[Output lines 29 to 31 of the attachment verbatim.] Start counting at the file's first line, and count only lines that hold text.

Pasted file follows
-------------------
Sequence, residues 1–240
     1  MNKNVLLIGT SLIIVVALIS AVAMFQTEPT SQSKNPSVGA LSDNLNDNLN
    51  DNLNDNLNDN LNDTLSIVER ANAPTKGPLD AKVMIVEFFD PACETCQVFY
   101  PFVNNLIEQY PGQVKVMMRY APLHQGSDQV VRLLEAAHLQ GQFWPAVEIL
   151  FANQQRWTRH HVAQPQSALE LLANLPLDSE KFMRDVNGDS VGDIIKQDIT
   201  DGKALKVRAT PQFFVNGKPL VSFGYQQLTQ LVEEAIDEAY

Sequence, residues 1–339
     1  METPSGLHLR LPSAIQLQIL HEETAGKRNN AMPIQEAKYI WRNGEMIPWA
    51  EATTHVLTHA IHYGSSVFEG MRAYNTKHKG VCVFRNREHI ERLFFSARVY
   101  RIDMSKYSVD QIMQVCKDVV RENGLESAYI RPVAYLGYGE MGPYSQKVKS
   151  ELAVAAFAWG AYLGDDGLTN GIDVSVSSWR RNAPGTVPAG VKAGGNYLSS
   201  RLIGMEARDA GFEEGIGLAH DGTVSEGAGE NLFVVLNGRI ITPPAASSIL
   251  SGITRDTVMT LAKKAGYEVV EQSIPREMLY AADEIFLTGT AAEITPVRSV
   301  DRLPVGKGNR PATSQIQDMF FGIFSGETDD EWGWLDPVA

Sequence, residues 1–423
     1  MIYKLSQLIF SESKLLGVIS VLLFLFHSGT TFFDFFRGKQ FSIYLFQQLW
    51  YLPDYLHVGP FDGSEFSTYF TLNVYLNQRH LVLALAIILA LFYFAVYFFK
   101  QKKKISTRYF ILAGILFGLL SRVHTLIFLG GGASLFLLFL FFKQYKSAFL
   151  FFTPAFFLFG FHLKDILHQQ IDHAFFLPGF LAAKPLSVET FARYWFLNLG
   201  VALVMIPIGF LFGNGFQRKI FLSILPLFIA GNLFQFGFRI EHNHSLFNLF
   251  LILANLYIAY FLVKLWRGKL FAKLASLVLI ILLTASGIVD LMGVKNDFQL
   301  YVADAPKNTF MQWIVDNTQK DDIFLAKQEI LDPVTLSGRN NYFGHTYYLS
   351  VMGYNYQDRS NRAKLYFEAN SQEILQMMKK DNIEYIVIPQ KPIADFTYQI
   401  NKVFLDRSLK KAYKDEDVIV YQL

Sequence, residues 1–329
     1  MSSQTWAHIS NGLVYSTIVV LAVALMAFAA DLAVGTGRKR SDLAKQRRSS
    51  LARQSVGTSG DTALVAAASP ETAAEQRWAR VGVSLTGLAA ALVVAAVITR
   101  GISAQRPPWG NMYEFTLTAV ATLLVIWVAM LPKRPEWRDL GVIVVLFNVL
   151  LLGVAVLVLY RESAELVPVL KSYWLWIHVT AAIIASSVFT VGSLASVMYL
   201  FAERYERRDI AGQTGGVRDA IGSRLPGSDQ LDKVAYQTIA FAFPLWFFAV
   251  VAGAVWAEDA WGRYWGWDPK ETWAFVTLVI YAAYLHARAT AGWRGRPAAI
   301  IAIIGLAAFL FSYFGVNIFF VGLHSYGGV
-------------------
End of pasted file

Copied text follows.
   151  LLGVAVLVLY RESAELVPVL KSYWLWIHVT AAIIASSVFT VGSLASVMYL
   201  FAERYERRDI AGQTGGVRDA IGSRLPGSDQ LDKVAYQTIA FAFPLWFFAV
   251  VAGAVWAEDA WGRYWGWDPK ETWAFVTLVI YAAYLHARAT AGWRGRPAAI